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Enough – The Violence Against Women and How to End It: Addressing the failings

Book review: Harriet Johnson has written a book of great lucidity, on a topic very familiar to us

Enough: the Violence Against Women and How to End It
Author: Harriet Johnson
ISBN-13: 978-0008533069
Publisher: William Collins
Guideline Price: £12.99

Enough: the Violence Against Women and How to End It, by Harriet Johnson, comes at a time of great insistence rooted in this title. Johnson is a clear-thinking British barrister, who has published what amounts to a loud and clear instruction for legal systems – not just in Britain – to address their failings when it comes to justice for violence against women and girls, and also for society to act on preventing violence. This may seem like an obvious thing, but there is always room for a book this accessible and coherent.

Enough is in three parts. Part one examines the reality of violence against women and girls in terms of statistics and case studies. Part two focuses on the justice system. Part three examines the path forward to addressing violence against women and girls once and for all.

Opening early chapters with the literal letter of the law, and detailing everything from stalking to female genital mutilation, transphobic harassment to online harassment, Enough deftly avoids becoming a grim read by adopting a stoic stance. This refined distance from prurience works very much to the book’s advantage. There’s a clinical expertise here, that resists leaning into trauma or true crime, allowing the reader to stay afloat, and not become bogged down or deflated by the terrible reality of the crimes emanating from misogyny, and how men are socialised.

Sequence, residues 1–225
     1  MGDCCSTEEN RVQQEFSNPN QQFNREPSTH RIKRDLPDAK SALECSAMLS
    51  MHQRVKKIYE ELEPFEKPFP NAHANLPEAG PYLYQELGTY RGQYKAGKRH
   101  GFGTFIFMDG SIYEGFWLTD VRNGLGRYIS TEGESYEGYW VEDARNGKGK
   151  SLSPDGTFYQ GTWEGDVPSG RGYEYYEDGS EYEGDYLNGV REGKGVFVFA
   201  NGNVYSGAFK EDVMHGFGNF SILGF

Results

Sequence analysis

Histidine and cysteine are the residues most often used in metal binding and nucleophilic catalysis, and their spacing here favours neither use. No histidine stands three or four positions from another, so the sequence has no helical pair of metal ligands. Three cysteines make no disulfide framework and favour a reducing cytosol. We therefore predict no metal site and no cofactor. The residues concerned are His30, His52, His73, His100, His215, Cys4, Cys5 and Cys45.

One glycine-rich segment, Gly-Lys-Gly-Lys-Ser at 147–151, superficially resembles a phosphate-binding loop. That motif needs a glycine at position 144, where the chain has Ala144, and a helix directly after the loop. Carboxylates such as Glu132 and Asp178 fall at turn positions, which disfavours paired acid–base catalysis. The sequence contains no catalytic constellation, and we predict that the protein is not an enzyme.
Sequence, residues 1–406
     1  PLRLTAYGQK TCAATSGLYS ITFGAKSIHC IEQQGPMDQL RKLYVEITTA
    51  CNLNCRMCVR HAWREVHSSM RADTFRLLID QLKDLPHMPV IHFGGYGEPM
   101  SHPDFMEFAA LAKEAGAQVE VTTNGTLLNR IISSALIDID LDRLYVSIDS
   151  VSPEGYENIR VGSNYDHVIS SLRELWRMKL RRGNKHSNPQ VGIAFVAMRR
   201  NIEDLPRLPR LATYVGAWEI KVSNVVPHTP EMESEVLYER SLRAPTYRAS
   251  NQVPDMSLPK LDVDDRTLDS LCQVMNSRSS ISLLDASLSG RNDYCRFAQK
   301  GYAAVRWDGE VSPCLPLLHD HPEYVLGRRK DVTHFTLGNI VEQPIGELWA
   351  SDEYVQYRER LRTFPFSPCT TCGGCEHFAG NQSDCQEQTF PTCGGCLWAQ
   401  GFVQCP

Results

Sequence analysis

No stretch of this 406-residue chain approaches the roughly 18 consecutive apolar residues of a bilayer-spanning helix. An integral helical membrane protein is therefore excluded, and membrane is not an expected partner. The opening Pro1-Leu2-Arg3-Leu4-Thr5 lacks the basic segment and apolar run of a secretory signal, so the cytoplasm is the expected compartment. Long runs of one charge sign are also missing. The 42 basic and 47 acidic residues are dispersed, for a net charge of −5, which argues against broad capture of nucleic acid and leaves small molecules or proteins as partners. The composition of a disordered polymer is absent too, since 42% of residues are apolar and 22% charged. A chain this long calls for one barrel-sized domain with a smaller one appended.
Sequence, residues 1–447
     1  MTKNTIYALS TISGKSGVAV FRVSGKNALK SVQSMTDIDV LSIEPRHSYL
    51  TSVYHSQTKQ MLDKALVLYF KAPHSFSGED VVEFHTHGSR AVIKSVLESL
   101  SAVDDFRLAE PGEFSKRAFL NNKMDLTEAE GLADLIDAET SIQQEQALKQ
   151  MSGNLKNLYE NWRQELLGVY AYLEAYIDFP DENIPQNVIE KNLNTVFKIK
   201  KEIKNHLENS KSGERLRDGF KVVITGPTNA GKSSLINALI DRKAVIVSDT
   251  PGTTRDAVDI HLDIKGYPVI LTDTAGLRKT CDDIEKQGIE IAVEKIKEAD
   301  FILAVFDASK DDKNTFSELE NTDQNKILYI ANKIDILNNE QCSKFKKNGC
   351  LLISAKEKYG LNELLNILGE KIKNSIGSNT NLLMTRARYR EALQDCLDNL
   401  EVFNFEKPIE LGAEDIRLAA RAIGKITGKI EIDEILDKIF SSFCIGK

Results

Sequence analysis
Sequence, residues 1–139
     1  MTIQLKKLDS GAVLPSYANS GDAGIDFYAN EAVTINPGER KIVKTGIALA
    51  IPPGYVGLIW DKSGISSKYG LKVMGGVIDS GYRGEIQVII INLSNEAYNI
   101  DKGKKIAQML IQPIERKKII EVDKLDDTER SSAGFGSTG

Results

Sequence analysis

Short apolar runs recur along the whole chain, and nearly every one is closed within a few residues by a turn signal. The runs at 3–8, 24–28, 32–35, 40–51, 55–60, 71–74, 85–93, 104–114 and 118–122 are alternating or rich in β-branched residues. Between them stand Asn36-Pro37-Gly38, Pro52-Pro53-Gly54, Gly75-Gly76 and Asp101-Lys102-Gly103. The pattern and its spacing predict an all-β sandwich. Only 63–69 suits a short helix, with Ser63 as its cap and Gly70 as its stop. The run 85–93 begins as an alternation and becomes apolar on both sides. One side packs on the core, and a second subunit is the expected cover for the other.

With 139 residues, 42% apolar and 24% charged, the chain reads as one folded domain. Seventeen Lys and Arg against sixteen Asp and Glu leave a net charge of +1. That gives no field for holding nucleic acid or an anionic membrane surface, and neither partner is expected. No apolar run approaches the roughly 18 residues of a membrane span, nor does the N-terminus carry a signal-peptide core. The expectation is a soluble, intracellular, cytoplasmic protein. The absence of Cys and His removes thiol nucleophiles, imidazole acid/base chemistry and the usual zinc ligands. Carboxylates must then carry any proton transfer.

What is incredibly insightful, is the contextualising of the sort of “thin end of the wedge” of violence against women, and how “smaller” infractions are all part of the landscape of harassment and abuse that can and does end in murder. Women spend a lot of time insisting that warning signs are part of a broader alarm system that should be heeded. The background noise of harassment and abuse is not ambient, it is a piercing siren that alerts women to the reality that they could be killed at any time. When people say “not all men”, the obvious response is: how are we meant to know which ones?

In the Policing Women chapter, the sting of women not being believed, or their allegations and experiences being minimised, is a brutal one

Johnson draws from law, from extensive experience at trial, and colours the text with specific (and sometimes anonymised) cases as examples of what can happen and what does happen when women aren’t listened to as they go about reporting various threats to their safety. The potency of these case studies – which almost feel like sad fables – is that the reader can relate, and if they can’t, they are then educated by these examples.

Tiny changes

Occasionally, Johnson deviates from the clear boundaries she has set herself to offer her own frank and fair point of view, helpfully reiterating things female readers will know, but also reminding male readers of the context and experience of being female in the world, such as when she explains how many women don’t notice the tiny changes they make to their behaviour in the quest to be safe. She then details the ultimate futility of these actions: “A woman was taken off the street and murdered. Don’t worry, I won’t go out. Most women who are murdered die at home. Don’t worry, I won’t stay in. A woman was targeted on a dating app – don’t worry, I have a friend nearby. I’ll call you to let you know I’m okay. I just won’t date. A woman was attacked in the street. Don’t worry, I’ll ignore him. Or I won’t, because that might make him angrier. I’ll smile and placate him until I’m in a safe space. Or I won’t, because that’s leading him on. I’ll tell him to leave me alone. Or I won’t, because that might make him attack me. The bitter reality is that there is nothing we can do to make ourselves safe… No woman can make herself small enough to be safe from this violence. No woman should have to.”